When I was a little girl, we had a grapefruit tree and a pecan tree in our yard in Texas. As far as I knew, my parents did not do anything except harvest the fruit and nuts. So, if my view of gardening seemed unrealistically simple, my idea of having a home orchard was even simpler. Trees just grow, right? It’s what they’ve been doing since the beginning of time, right? Well, yes, but it is not quite as simple as sticking the trees in the dirt, sprinkling them with water once or twice, and waiting for the first harvest. It should come as no surprise that the first few fruit trees we planted did not thrive. However, in spite of my total neglect, three Nanking cherry bushes did survive and produce fruit within two years.
You can make planting a little easier by killing the grass where you plan to plant the tree. Recommendations to use an herbicide to do this make my skin crawl because herbicides are poison. As I suggested in the article about starting a garden, you can put a kiddy pool wherever you want to kill grass, or you can pile up grass clippings or compost, and in a couple of weeks, the grass will be very unhappy. Give it a month, and it will be on its way to becoming compost itself.
There are a variety of opinions on how to plant trees, mostly centering on how big to dig the hole. Some say the hole should be twice as wide as the root-ball, while others recommend a hole that is just big enough to contain the roots without having to bend them around. So, in other words, this part of the equation is pretty forgiving. Finding the correct depth is the hardest part of planting fruit trees. When in doubt, err on the side of not planting too deeply. It is easier to add soil than to attempt to lift the tree after it is planted. And if a tree is planted too deeply, it will die sooner rather than later. Do not dig the hole much deeper than the depth of the roots. Over time the backfilled dirt in the bottom of the hole can settle, which means a tree that was originally planted at perfect depth will sink to an unhealthy level.
What is the perfect depth to plant a tree? Most trees come with planting instructions telling you how deep to plant it. These instructions usually center on where the scion is in relation to the soil level. Typically, the scion, or graft—a knobby bump between the roots and the trunk—is slightly below soil level in standard size trees and above ground with dwarf or semi-dwarf trees. How far above ground? Experts vary in opinion from a couple of inches to six inches. In reality, the problem is burying the scion. So as long as it is above ground, the tree should be fine. And why is burying the scion a problem? If it is buried too deeply, the tree will die. If it is only a little below ground level, the grafted tree could root, and you will wind up with a standard tree, rather than a dwarf tree. At least, that is what the experts say, but that is one mistake I have not made yet.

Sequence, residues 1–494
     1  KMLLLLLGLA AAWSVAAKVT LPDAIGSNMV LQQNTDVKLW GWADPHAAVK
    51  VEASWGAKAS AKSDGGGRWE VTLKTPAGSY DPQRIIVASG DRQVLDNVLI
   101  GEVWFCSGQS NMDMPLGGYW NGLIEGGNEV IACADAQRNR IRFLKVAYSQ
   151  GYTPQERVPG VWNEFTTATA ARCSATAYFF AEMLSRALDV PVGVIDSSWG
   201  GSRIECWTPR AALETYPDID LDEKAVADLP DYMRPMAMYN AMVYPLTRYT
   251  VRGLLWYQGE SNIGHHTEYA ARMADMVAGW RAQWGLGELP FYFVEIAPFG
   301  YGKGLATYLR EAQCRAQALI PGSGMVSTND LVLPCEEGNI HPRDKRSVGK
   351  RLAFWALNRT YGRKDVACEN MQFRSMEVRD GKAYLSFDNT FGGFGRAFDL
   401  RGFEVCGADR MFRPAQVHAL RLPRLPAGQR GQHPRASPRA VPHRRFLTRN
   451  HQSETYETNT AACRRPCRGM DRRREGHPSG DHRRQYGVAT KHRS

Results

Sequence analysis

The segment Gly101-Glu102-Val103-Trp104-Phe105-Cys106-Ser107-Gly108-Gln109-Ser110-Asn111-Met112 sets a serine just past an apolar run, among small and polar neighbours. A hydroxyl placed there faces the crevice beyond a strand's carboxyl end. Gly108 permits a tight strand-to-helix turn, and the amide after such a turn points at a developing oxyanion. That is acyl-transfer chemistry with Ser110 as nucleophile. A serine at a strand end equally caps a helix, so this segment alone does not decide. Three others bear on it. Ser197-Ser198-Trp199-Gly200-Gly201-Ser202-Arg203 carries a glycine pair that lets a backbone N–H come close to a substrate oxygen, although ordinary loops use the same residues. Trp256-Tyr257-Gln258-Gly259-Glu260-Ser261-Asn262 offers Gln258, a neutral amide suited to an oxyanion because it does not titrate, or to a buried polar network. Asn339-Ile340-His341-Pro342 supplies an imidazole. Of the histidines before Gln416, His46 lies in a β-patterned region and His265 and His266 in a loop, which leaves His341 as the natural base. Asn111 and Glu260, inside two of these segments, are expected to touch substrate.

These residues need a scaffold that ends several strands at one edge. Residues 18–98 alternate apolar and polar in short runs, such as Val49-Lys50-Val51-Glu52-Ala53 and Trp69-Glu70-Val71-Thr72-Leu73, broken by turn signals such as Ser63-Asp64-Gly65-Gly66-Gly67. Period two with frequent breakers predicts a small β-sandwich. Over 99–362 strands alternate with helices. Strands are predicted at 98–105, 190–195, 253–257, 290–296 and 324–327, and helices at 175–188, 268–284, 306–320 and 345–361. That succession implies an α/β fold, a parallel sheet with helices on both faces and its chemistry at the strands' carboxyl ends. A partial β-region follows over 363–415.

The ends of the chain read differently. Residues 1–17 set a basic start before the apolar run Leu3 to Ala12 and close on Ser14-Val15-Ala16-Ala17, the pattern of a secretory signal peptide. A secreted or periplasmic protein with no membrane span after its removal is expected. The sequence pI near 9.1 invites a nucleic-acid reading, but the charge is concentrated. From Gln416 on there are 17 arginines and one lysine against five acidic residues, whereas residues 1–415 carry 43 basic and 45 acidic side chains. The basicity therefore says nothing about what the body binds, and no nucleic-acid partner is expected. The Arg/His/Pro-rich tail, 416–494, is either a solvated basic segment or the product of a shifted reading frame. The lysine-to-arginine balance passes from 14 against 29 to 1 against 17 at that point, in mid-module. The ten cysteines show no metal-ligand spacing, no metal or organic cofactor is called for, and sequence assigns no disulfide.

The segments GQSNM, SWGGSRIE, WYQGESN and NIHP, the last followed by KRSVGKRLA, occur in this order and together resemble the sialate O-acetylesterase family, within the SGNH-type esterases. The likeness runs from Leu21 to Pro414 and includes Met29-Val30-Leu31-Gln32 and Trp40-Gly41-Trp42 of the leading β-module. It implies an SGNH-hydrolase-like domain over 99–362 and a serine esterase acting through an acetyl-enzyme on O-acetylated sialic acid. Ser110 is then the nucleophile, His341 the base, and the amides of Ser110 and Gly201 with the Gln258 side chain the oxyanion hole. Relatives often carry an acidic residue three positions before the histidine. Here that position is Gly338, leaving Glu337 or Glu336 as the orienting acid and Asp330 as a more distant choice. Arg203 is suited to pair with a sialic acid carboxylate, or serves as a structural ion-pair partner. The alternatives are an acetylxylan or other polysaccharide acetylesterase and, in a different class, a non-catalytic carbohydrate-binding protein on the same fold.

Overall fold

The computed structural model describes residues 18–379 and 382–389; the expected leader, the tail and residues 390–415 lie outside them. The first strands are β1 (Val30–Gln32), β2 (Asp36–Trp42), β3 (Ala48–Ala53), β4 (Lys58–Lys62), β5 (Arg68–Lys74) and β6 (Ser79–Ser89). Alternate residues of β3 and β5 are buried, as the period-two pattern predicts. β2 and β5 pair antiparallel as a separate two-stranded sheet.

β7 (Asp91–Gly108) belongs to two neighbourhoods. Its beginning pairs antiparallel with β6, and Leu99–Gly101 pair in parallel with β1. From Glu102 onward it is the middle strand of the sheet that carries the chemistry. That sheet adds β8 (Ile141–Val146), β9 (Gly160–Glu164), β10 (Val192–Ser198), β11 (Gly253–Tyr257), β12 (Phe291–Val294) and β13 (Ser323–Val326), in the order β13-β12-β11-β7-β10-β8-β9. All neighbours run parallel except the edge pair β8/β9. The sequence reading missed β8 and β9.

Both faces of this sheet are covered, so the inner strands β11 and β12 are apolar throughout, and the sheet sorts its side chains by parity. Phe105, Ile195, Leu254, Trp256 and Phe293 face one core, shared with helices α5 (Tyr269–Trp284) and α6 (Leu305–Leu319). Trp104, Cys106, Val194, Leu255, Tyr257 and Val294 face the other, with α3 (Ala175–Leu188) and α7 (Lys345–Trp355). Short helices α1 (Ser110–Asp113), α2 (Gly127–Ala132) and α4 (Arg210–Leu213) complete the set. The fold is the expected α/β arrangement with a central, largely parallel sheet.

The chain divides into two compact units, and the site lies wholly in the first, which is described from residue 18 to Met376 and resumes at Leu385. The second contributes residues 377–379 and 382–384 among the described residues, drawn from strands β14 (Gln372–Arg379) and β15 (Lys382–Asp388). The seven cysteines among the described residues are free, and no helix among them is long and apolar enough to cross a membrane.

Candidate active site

Experts also say that most people kill trees by overwatering, although that has not been my experience. I usually plant them and forget them, assuming that Mother Nature will take care of watering for me. I used to make the same mistake with my garden until we started writing down rainfall on our kitchen calendar. A rain gauge is one of the least expensive investments you can make in your garden and orchard. Every time it rains, check the level, dump it, and record the level on your calendar. If it has been a week without an inch of rain, give everything in the garden a good soaking, as well as trees that have been planted within the past year. Once they are established, they can usually withstand a dry spell without damage, although I still water them during droughts. They might survive without it, but I don’t see the point in stressing them.
Lack of mulch was one reason my first fruit trees died. Without mulch, the tree has to compete with the surrounding grass for nutrients and water, which is tough for a tree that is still in the midst of transplant shock. Mulch keeps the grass from growing under the tree, and it keeps water from evaporating. If you live in a subdivision, you can use any of the beautiful wood chips that they sell at the garden centers for mulching. Mulch should be spread around the tree in a fairly level circle. Do not pile mulch against the trunk of the tree, a fashion that seems to be gaining popularity with some landscapers around the country. So-called volcano mulching kills trees because the trunks do not get air and succumb to disease.
You can use wood shavings from a rabbit or guinea pig cage as mulch or fertilizer under your fruit trees. The manure will start to decompose, and when it rains, the water will make instant manure tea to feed the tree. We dump straw and manure from our goat barn under our fruit trees a couple of times a year, usually once in the spring and once in the fall. This is cold composting, so do not do it when an invasive weed like thistle has gone to seed and could be lurking in the manure.